BE seeks permission to borrow more

3 November 2002

UNITED KINGDOM British Energy (BE) is to use an extraordinary general meeting on 4 November to ask shareholders for permission to raise the company's borrowing limit by an additional £1.6 billion ($2.5 billion). If shareholders do not agree, BE said, it may have to cease trading.

BE announced that it was facing imminent bankruptcy in September (see story links below). The crisis was averted temporarily by an emergency loan from the UK government of £410 million, which was originally due to expire on 27 September. It was later increased to £650 million ($975 million) and expires on 29 November. The loan is backed by group member cross-guarantees and secured by group assets. But serious opposition to the loan arrangement has been mounted by one of the UK's EU partners and by other UK power station owners.

The company needs to ask shareholders for permission to raise more cash because its articles of association limit its borrowings to twice its adjusted capital and reserves, unless it gets prior approval.

Writing to the shareholders, BE said it had decided to defer publication of its interim results, which were due on 6 November and was adamant that shareholders could not expect to find out any further financial information at the meeting.

The loan has allowed British Energy to continue operating its eight nuclear stations, but has been opposed by other power generating companies and by environmental groups. Greenpeace and wind power generator Ecotricity have asked for a judicial review of the decision to make the loan, saying that it had not been cleared with the European Commission. Belgium has also complained to the European Commission, claiming the loan breaks European competition rules. Belgian energy minister Olivier Deleuze suggested that financial help might distort the market, adding that the measures were "difficult to reconcile with the rules of free competition." The UK government said it agreed to ensure that BE could continue to operate its plants safely. Financially, some have questioned why, in the UK's over-supply situation, so much effort should be put into keeping ageing nuclear stations online.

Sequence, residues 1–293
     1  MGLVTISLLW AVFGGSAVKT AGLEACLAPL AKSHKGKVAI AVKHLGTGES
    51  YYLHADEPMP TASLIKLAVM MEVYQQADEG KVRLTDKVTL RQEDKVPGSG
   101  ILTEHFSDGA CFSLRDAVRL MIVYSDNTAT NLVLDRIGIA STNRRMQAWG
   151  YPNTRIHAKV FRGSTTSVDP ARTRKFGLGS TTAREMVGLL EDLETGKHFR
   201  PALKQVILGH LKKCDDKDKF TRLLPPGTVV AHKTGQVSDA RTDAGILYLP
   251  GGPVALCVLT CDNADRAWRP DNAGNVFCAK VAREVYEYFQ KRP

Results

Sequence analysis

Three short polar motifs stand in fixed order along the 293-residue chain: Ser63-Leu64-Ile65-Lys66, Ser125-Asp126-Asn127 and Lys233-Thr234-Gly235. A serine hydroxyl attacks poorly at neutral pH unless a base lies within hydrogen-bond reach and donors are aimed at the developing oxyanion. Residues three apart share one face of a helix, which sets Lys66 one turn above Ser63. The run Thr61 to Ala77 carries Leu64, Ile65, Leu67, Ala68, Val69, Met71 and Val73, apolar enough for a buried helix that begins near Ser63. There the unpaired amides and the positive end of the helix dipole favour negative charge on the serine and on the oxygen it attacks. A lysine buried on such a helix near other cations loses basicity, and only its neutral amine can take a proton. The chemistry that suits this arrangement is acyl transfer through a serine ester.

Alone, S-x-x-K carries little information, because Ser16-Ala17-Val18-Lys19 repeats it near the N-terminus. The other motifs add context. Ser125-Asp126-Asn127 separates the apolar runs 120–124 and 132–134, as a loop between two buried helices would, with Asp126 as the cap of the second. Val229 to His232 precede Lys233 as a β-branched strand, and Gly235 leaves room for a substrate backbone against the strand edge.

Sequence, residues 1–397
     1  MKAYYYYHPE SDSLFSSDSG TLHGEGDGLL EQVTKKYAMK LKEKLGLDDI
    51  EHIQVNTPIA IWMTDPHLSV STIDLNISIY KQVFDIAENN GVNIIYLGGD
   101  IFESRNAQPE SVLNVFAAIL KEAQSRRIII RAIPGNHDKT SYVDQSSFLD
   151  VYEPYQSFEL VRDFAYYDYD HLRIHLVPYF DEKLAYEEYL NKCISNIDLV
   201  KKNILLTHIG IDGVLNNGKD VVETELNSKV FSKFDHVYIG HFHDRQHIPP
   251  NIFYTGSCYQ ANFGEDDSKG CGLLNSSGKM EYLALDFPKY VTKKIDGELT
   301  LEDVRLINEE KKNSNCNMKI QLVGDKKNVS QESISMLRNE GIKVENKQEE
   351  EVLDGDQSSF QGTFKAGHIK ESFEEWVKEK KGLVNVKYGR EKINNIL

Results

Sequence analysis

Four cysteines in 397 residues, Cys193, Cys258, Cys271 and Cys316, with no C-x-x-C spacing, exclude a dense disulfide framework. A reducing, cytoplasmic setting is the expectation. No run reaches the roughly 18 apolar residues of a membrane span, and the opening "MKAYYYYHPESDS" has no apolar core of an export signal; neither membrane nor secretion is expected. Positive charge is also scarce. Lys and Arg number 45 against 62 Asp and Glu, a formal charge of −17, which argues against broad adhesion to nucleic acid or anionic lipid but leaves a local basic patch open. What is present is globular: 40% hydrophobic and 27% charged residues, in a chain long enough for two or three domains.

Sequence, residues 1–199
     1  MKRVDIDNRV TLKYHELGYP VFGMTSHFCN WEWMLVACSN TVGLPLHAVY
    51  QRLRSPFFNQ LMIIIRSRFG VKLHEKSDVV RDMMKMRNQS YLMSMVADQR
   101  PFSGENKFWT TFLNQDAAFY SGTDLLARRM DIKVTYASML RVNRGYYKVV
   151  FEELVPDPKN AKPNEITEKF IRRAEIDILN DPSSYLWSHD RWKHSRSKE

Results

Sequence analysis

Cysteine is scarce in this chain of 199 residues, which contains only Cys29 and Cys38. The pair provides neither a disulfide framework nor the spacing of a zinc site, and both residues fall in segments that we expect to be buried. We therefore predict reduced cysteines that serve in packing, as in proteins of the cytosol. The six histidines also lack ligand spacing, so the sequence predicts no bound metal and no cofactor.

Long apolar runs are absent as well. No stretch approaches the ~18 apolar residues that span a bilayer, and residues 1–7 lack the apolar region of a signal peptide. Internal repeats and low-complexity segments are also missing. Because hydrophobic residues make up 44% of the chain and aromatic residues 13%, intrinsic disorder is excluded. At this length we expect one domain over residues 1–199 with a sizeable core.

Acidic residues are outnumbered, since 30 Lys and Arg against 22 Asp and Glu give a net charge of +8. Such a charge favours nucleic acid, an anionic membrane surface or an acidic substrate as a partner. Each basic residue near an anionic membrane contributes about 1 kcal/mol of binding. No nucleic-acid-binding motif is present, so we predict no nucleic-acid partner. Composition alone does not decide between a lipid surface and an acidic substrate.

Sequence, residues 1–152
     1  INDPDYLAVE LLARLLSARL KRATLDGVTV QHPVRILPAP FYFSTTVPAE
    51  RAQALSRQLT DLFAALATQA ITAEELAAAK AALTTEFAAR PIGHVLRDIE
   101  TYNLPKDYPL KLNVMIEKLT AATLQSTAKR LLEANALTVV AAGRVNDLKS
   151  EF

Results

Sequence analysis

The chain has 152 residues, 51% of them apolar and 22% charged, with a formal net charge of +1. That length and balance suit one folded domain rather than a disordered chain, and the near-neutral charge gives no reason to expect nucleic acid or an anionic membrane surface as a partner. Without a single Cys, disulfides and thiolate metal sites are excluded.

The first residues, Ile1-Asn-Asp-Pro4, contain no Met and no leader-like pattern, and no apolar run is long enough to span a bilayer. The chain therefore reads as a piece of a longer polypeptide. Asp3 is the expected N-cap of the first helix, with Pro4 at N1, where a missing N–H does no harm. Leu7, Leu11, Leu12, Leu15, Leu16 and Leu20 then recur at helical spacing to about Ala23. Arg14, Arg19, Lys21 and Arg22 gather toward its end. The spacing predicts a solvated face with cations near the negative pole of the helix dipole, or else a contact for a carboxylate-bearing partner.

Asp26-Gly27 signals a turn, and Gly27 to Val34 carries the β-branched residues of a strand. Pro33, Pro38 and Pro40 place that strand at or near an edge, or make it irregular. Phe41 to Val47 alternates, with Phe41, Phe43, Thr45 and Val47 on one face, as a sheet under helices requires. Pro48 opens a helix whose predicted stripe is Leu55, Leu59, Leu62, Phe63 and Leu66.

BE is not the only company suffering in the UK power market, although it has been put under additional pressure because it lacks a retail arm to subsidise its baseload plant. The UK arm of TXU Energy has also been sold, following a decision by its US parent to withdraw subsidies, and Powergen has mothballed plant.

Some have suggested solving the problem of overcapacity by shutting down most of the UK nuclear fleet and allowing BE to go into receivership. But British Energy currently provides around 20% of the UK's power and most agree there is not enough flexibility in the market for it to lose a fifth of its capacity if the company stopped trading.



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